On 25 June, the DCD held a very successful multi-stakeholder workshop on “The new development finance landscape: partner countries’ perspectives and implications for post-2015 debate”.  The overall aim of the workshop was to examine the evolving development financing landscape in order to improve the understanding of how partner countries are dealing with its increasing complexity and risks. The workshop also looked at the measurement of development flows and proposed a means of enhancing transparency to contribute to partner countries’ strategic planning needs. The workshop brought together more tdacnews_june2014_devfinancehan 120 participants, including senior policy makers from 15 developing countries, DAC and non-DAC providers of development co-operation, international finance institutions, NGOs and think tanks. They debat‌ed synergies with the emerging post-2015 framework and highlighted the fact that ODA will remain critical in the post-2015 universe from a recipients’ perspective, concluding that the international community should continue to provide highly concessional finance in accordance with the 0.7 UN target. In light of the increased complexity of the development finance landscape, it is also fundamental to enhance transparency around resource flows beyond ODA; this will require a joint effort from all actors, both sovereign and non-sovereign. The workshop was viewed as a success by all involved; in particular, the multi-stakeholder nature of the event was applauded. The workshop is expected to inform the OECD/DAC’s work on modernising its monitoring of global resource flows in order to ensure it is fit for a post-2015 accountability framework.

 
The Transfer Pricing Labyrinth

Last week, Namibian activists raised concerns about transfer pricing in Africa’s extractive sector in an open letter to De Beers. Their letter comes at a critical time in which transfer pricing and tax havens have contributed to an exorbitant amount of capital flight from developing countries. Namibia’s economy is hugely dependent on diamond exports, which alone account for 10% of GDP, and revenues from the extractive sector, including uranium and gold. With increased scrutiny into transfer pricing just across the border in South Africa’s platinum mines, these Namibian activists have delivered a timely, earnest demand to investigate transfer pricing in their own country.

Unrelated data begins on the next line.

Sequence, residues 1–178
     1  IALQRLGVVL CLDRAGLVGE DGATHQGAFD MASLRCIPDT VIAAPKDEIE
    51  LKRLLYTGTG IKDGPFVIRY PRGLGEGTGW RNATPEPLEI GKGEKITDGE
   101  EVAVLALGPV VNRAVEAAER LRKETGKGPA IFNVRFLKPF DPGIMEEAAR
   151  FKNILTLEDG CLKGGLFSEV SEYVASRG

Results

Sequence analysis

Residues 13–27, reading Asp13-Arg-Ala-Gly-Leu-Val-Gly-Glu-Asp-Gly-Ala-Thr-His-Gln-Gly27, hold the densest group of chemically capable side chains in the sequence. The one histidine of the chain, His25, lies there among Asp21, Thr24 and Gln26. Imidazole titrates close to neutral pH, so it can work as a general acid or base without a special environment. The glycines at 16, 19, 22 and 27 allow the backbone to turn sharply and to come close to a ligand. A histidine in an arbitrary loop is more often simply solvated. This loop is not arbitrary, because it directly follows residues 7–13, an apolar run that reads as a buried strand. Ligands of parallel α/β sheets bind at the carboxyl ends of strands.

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State and Finance in Financialized capitalism

Costas Lapavitsas is a leading Professor of Economics at the School of Oriental and African Studies, University of London, and also sits on the National Advisory Panel of Class.

Costas specialises in the study of financial systems and their structure, and the relationship of finance and development. He is the author of a number of books including Profiting without Producing, How Finance Exploits Us All, Financialised Capitalism: Expansion and Crisis, Social Foundations of Markets, Money and Credit and Political Economy of Money and Finance.

In the public interest: the role of the modern state

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Transnational corporations and Human Rights

The Human Rights Council just adopted a

resolution presented by Ecuador and South Africa that establishes an

intergovernmental working group with the mandate of developing an

international legally binding instrument to regulate the activities of

transnational corporations.

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The Rise of Infrastructure Giants in Asia

With massive infrastructure projects seeking funds, the World Bank is facing increased competition from new players in Asia, with China launching the Asian Infrastructure Investment Bank (AIIB) and the new Brazil, Russia, India, China, South Africa (BRICS) Bank (see Bulletin Feb 2014, Update 85) expected to be launched in July, largely focusing on infrastructure finance. But questions remain about potential negative social and environmental impacts, with none of the players adequately engaging with local communities.

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Money Drain Blocks African Progress

With average economic growth of 5 per cent, Africa makes a lot of profit. The problem: a big chunk of the money doesn’t stay in the continent. Billions of African dollars are illegally transferred into foreign bank accounts every year, and effectively make the continent a net creditor, legal experts say.